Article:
In the past few weeks, I’ve sent away
three four pieces for consideration/publication. At such a pace, I’m sure that not every paragraph is well-formed; that’s the price for getting work off my desk in a summer overshadowed by the clouds from the deaths of Margaret’s dad and my mother. If something is accepted, I can see about fine-tuning it a bit.
I’ve also started preparing a proposal for my book about interpretation theory. I’m a bit embarrassed to say what I expect to call it. There’s a story behind that awkwardness. Way, way back, a long time ago, Charles Cosgrove asked me to write a piece for a collection of essays he was compiling. I had recently been thinking about challenges to my thinking about interpretation from Kevin Vanhoozer and others, who stoutly upheld the pivotal importance of a single-meaning theory; in a flash, I made the verbal connection between my thinking on that topic and the sorts of calculus, so I called the essay ‘Integral and Differential Hermeneutics.’ The point, as I was deliberating at that time, was simply to contrast a theory that requires one single point of legitimate reference, to a theory that acknowledges that there will always be multiple divergent interpretive conclusions that depend for their ‘legitimacy’ on the contexts from which they emerge, to which they are addressed.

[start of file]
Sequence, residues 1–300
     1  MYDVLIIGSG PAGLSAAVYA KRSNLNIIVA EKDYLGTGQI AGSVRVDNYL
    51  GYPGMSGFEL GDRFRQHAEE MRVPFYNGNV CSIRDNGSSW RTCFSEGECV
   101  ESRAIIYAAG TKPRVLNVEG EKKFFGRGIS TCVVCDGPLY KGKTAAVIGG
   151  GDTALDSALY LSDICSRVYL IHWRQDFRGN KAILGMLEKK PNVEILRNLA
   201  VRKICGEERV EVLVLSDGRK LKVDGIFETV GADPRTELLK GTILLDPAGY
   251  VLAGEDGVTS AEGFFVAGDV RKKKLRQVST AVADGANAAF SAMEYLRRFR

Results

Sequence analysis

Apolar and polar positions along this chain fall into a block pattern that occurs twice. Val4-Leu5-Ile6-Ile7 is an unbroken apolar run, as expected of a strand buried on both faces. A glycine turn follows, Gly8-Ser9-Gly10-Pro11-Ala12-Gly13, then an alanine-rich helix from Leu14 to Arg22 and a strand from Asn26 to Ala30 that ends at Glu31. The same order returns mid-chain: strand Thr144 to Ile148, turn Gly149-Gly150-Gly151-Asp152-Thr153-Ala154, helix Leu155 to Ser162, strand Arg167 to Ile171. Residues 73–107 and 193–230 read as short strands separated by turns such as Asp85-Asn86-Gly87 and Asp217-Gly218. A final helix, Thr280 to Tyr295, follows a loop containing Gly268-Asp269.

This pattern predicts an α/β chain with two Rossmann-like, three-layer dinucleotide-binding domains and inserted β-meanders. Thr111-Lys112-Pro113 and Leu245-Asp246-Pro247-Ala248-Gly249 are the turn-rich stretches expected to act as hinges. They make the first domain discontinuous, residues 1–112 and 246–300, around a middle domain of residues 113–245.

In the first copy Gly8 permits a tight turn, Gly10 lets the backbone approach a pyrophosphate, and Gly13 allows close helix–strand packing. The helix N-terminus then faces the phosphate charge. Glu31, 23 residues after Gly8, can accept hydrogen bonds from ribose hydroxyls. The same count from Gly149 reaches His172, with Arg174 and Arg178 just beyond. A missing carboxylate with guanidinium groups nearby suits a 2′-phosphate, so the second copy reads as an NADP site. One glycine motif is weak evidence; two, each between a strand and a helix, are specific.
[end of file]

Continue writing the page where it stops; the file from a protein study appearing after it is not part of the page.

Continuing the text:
So over the years since then, on the relatively uncommon occasions when somebody remembered an essay I had written (especially things that don’t, sigh, have ‘postmodern’ in the title), people would often say something such as ‘Oh, right, differential hermeneutics.’ I confess that rather than graciously appreciating the fact that they remembered the piece at all, I found it a little irksome. In my imagination, ‘I & D H’ was an occasional piece that didn’t really tackle the hard problems of subsistent meaning, of the code metaphor, and reception history, and so on. In fact, I’ve posted here before to the effect of ‘Woe is me, I don’t have a convenient label for the kind of hermeneutics I propose.’
A couple of weeks ago, the clouds in my brain parted for a moment and I saw that if (a) people remember my contribution under the heading of ‘differential hermeneutics’ and (b) my approach really is oriented very directly at the question of plurality in interpretation, and (c) one of the challenges I’ve had in putting this prospective book together has been ‘But what shall I call it?’ (moan, moan) — then really, as a title, Differential Hermeneutics has a lot going for it. Thus, the book proposal under the title of Differential Hermeneutics has been taking shape, and it seems good and viable, and various bits of it are essentially already written (I will need to rewrite essays to fit the monograph setting, but will not need to create all of it wholesale). And that means I’m getting ready to talk to publishers (University publishers first, for political reasons).
On the other hand, having closed the book (as it were) on four essays, I find that this morning my brain feels a bit wrung out. There’s one other piece I need to flesh out and send away, but that will wait another day or so (and will wait till I hear back from someone about permissions). Plus — I blogged today!